Guidebook—Geology of South-central Kansas
Map of field trip route, showing major roads and stops 1 through 4.
This field trip focuses on the rocks and fossils of south-central Kansas, specifically those that crop out in several locations in Greenwood, Woodson, and Wilson counties. Most of the rocks we will see on this trip were deposited during the Pennsylvanian Period of geologic time, about 300 million years ago. We will be in the Osage Cuestas physiographic region for all but one of our stops, which will feature the sandstones common in the Chautauqua Hills region of the state.
This field trip is part of the Kansas Geological Survey's participation in Earth Science Week (October 7-13, 2001), a national celebration of the earth sciences, established in 1998 by the American Geophysical Institute, based in Alexandria, Virginia. Earth Science Week is a time to increase public awareness and understanding of the earth sciences. For more information about Earth Science Week, visit their web site at www.earthsciweek.org.
From El Dorado to Stop 1
We begin our field trip in El Dorado in East Park, just south of the Kansas Oil Museum, which is operated by the Butler County Historical Society. East Park is just west of the Walnut River, and it was the Walnut River valley that inspired an early settler to exclaim "El Dorado!" when he saw the area. El Dorado is Spanish for "land of gold" and was the legendary quest of many early explorers in the New World.
It wasn't until many years later that this region in fact did become the land of gold--black gold. In 1915 oil was discovered about 3 miles northwest of El Dorado on the Stapleton lease in two sandstones 590 and 670 feet below the surface. The El Dorado field was born.
However, the story begins about three years earlier when Erasmus Haworth, an early director of the Kansas Geological Survey, and his son did detailed mapping of the surface rocks in the area around El Dorado. Oil and gas had previously been discovered in the Augusta area in association with what geologists call an anticline, an upward bulge in the earth's strata. Haworth discovered a large anticline near El Dorado and recommended it as a site for oil exploration. On October 6, 1915, Haworth's prediction became a reality when a well belonging to Cities Service struck oil. This was the first discovery of a major oil field using scientific methods, namely detailed geologic mapping of the surface rocks.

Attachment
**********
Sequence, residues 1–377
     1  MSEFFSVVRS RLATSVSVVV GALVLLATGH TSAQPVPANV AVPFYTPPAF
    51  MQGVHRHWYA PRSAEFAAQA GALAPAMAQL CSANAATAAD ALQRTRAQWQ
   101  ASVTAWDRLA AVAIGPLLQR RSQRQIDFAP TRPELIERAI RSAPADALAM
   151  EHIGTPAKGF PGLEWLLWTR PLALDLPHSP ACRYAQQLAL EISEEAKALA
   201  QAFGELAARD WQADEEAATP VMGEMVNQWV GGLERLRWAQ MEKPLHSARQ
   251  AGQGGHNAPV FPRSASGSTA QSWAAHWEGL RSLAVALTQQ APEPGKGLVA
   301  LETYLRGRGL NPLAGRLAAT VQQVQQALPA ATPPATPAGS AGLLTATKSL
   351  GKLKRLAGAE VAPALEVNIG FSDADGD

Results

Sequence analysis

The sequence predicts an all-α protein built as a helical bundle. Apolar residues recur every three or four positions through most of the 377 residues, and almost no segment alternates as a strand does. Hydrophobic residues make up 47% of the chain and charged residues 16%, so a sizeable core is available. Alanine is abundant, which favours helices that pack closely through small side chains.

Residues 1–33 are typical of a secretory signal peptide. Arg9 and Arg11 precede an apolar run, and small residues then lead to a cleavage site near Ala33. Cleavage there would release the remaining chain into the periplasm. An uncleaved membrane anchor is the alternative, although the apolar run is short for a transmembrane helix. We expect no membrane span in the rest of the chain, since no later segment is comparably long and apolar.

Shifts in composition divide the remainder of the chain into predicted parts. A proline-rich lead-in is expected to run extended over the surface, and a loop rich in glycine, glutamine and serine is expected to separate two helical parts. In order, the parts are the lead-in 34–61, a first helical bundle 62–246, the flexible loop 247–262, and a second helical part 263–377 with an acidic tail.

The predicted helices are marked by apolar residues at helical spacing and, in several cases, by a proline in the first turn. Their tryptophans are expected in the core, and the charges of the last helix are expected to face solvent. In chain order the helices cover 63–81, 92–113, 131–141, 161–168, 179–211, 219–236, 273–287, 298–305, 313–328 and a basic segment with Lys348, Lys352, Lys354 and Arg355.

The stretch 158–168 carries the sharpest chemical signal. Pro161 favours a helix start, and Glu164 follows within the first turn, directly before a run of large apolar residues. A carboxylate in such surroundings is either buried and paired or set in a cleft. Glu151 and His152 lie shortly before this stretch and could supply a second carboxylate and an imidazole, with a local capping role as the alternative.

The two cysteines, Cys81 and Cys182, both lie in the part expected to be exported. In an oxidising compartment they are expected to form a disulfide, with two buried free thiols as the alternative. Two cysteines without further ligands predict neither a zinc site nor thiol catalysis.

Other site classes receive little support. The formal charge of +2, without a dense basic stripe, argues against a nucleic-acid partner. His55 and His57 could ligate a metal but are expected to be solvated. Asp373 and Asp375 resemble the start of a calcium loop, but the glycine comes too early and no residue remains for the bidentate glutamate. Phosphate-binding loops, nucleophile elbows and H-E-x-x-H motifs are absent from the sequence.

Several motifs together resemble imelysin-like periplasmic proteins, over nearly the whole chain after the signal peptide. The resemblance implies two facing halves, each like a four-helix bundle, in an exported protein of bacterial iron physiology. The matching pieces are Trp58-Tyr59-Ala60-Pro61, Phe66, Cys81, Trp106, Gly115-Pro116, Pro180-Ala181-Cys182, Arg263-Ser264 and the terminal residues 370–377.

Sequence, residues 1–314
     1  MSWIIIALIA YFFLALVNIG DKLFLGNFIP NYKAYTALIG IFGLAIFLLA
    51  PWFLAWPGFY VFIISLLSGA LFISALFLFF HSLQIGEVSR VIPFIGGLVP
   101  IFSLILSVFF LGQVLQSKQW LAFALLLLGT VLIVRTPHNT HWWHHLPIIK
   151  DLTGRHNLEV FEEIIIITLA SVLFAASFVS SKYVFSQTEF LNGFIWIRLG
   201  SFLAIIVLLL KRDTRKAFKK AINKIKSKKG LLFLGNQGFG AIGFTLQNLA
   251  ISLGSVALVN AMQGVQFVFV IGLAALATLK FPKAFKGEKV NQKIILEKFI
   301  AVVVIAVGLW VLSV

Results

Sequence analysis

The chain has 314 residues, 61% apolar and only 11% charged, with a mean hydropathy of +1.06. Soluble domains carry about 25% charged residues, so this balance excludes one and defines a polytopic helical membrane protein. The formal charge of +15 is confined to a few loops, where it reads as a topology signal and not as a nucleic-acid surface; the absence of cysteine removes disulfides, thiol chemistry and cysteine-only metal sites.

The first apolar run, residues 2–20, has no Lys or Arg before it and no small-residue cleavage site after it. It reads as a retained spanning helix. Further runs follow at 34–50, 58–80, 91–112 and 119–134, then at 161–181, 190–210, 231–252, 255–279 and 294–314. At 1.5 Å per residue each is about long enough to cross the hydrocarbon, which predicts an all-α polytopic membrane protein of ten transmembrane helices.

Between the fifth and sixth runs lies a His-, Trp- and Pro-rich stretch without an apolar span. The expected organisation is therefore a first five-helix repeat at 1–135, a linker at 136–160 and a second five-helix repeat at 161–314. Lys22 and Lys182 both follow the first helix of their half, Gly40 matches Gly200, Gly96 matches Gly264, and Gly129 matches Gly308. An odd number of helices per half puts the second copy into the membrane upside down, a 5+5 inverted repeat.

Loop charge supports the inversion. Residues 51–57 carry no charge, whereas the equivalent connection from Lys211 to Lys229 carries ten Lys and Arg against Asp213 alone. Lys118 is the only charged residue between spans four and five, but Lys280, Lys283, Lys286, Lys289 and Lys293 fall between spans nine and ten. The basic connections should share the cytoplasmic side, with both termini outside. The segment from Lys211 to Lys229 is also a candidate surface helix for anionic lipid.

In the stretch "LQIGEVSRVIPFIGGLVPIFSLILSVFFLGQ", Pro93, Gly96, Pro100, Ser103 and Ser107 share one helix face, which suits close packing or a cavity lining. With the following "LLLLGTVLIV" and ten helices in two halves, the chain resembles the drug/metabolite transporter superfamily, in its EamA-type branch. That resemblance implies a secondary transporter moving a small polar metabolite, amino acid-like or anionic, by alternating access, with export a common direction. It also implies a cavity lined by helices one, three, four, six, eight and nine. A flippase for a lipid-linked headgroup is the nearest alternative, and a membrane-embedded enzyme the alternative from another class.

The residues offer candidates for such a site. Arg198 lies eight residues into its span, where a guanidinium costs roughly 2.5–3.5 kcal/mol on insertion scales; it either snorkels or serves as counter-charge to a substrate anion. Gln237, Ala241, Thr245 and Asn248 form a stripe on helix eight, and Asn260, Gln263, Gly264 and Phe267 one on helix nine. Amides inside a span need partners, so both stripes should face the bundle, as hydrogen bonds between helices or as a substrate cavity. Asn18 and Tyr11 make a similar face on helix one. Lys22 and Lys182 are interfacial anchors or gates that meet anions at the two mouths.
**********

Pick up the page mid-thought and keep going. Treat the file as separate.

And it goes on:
In a short time, El Dorado became the largest oil field in Kansas, a distinction it held until just a few years ago. By 1918 oil from the El Dorado field accounted for 12.8% of the nation's production and 9% of the world's production. This field helped fuel our entry into World War I and thus was a factor in the Allied victory.
From East Park we travel east along U.S. Highway 54 (Central Ave), crossing the Walnut River. The elevation here is about 1,260 feet above sea level. As we continue east we will slowly gain elevation as we climb the gentle western slope of the escarpment formed on the limestones of the Barneston Formation. Like most of the rocks in eastern Kansas, the Barneston dips very slightly to the west. It also caps the highest ridges of the Flint Hills, the physiographic region in which El Dorado and most of Butler County lie. However, it is not until we reach the edge of the Barneston escarpment that the scenery takes on the rugged appearance we associate with the Flint Hills.
Flint Hills at dusk, Butler County.